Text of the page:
Monthly Archives: July 2014
Over at ace-education.co.uk, there’s a post entitled “10 Questions for Jonny Scaramana“. Here are my answers.
Jonny Scaramanga is infamous for his anti ACE blogs. If you Google his name then you will find his Leaving Fundamentalism site and lots more info. I am responding to some of the false information given to the media ATM.
Before we get going then, a question of my own: Please could you detail this false information? It would be useful for all sides, I think, to correct any misinformation that’s floating around. Until now, I’ve seen accusations of falsehoods flying around, but a shortage of specifics.
It’s always nice to be talked about. It’s particularly lovely when you’ve been campaigning against an organisation for two years and their public strategy has been to pretend nothing is happening. Well, mostly anyway.
But now Christian Education Europe’s Arthur Roderick has sent an email to CEE’s member schools discussing how they intend to deal with the menace that I present. It’s a fun read. Of course, Arthur doesn’t name me or link to any of the associated media coverage in his email. I presume he’d rather his customers didn’t read my blog. I, on the other hand, am all about the debate. I just think this is a conversation that needs to be had in public (not least because it’s one Arthur and other ACE teachers refused to have with me in private).
In that spirit, you should also check out ace-education.co.uk, a new blog by Christine Bradshaw which attempts to debunk many claims I’ve made about ACE (and quite a few I haven’t). Replies to posts like these will come soon. I realise that my linking to them will probably triple the number of people who see them, but like I said, I welcome the debate. Something CEE does not, as I will explain shortly.
Here’s Arthur’s letter. Since it’s online at a publicly available link, I have taken the liberty of reproducing it below. I know CEE are some of my most avid readers, so if they object, no doubt I will hear about it soon and have to replace the letter with a Jesus & Mo cartoon again. After the letter, I’ll tell you about some of my recent correspondence with Arthur and other people.
I have a permanent running offer out to anyone who can offer a defence of Accelerated Christian Education: Submit it here, and I will post it on the blog. Well, the following comment got left recently in response to A Collection of ACE Survivor Stories, and I think it’s the best defence of ACE I’ve seen. I profoundly disagree with it, of course, but I am on holiday and don’t have time to explain why at the moment. So, readers, if you disagree, here’s your chance to respond: Leave your counterargument as a comment, and I’ll pick the best one on my return.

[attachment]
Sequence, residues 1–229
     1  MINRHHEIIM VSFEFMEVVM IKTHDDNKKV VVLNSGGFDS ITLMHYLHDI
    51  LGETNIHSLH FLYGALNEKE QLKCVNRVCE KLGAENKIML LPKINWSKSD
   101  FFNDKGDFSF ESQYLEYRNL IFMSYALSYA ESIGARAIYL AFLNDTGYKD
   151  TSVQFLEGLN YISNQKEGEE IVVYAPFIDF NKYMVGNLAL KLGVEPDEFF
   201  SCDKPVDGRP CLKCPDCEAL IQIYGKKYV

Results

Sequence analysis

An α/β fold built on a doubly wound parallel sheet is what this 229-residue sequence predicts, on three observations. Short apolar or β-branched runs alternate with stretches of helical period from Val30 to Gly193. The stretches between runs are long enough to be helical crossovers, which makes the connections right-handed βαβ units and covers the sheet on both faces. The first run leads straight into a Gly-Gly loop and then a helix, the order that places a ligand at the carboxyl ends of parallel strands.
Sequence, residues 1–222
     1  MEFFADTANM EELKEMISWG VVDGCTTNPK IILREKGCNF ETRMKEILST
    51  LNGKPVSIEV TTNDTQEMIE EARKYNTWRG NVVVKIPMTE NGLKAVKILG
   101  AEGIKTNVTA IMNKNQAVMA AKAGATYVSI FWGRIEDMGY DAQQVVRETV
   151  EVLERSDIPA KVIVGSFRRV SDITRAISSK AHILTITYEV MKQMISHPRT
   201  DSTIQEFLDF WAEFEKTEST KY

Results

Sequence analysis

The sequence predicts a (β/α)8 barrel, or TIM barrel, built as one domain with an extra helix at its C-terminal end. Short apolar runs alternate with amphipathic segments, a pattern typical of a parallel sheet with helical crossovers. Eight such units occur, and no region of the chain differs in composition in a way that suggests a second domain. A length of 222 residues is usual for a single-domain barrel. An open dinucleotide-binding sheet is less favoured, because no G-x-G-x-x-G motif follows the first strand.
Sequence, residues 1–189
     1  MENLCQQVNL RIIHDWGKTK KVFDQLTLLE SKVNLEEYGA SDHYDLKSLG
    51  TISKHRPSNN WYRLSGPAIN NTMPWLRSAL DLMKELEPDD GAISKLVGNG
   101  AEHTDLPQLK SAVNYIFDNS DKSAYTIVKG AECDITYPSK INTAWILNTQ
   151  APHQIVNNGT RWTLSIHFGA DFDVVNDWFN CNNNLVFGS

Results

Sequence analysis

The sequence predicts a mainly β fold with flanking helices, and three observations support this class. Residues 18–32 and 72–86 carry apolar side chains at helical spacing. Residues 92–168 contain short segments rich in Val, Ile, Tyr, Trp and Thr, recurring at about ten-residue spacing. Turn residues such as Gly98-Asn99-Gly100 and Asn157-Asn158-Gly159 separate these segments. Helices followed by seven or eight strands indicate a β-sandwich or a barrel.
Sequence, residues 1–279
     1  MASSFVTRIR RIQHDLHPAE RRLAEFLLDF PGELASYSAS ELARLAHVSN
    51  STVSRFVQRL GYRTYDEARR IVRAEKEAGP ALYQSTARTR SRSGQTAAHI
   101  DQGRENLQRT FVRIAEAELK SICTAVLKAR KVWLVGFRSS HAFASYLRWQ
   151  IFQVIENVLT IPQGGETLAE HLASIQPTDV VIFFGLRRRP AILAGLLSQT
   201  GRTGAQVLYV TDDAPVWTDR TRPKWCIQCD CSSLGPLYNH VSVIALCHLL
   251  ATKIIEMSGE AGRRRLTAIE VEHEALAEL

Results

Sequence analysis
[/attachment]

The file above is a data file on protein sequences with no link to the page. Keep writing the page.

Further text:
I am on holiday, so this is a scheduled post. So behave yourself in the comments, because I’m not around to moderate.
I recently had this great comment from an ex-ACE student who has since done a PhD in cultural anthropology. Their insights on ACE are lengthy but well worth reading. Unlike many of my guest posters (and me), Kachoukyori picks out positive parts from the ACE experience. This is something I’ll probably return to later. In order to understand why people turn to ACE, you need to understand what problems it is trying to solve.
This is a much-needed post, one I’ve circulated to friends over the years in trying to explain how global and curiously pervasive A.C.E. has become as a curriculum, adapting to shifts in contemporary fundamentalist culture, the growth of charismatic churches and aggressive right-wing politics linked to US hardline Christianity, and the anti-secular/social/government rise of homeschooling.
My father was a US military officer; we moved constantly. From the pre-K on I was enrolled in Baptist schools, by the 3rd grade I was placed in a school that used the ACE curriculum. I never experienced US public schools and was immersed in two peculiarly isolationist cultures: fundamentalist Christians and US military bases. What a combination, indeed! The Bible and the Sword.
There seems to be a bit of a disparity between the facts and what some ACE teachers say. In this, my triumphant return to vlogging, I talk about Brenda Lewis, who seems incapable of getting her facts right when she talks in public.
There’s more bad news for ACE in the current issue of Private Eye. On page 36, there’s an article about Pieter Van Rooyen, the convicted slave master who opened an ACE school in Dover in January this year. Disappointingly, the phrase “slave wages” doesn’t appear in this story (as it does in most other coverage about Van Rooyen), but otherwise it’s pretty great. I won’t reproduce it all here for copyright reasons, but here’s a taster:
What Private Eye didn’t report—and I can exclusively reveal—is that in addition to being a criminal, Van Rooyen is also a conspiracy nut and a plagiarist.